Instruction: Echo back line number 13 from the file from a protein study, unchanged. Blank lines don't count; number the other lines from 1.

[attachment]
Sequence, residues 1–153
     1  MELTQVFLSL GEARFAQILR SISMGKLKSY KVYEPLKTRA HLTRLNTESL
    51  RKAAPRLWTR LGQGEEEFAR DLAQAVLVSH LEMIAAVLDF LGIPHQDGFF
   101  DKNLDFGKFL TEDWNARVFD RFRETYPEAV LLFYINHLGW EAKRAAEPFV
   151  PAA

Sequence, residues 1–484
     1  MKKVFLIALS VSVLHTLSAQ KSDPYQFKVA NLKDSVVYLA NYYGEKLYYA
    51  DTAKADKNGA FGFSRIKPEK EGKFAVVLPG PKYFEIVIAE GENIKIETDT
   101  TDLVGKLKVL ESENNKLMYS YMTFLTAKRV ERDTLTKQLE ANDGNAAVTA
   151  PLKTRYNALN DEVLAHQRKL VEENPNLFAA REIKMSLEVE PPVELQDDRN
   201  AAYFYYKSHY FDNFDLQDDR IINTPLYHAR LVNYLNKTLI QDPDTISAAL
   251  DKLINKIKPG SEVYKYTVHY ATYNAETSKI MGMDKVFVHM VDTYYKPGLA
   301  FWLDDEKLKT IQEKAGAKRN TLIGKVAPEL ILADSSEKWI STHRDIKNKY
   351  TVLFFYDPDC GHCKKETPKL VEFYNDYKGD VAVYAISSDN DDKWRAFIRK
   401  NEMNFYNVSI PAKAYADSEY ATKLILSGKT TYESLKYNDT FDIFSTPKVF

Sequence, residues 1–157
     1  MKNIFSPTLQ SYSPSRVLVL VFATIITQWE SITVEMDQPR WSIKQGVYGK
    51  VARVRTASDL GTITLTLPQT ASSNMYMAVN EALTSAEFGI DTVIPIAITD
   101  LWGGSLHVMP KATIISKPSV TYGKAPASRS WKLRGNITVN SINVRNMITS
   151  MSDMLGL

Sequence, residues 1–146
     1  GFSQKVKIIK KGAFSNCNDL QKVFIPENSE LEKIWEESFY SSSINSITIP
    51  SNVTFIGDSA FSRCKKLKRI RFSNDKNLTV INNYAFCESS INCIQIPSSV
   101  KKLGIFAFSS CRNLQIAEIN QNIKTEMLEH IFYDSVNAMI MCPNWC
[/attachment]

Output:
   301  FWLDDEKLKT IQEKAGAKRN TLIGKVAPEL ILADSSEKWI STHRDIKNKY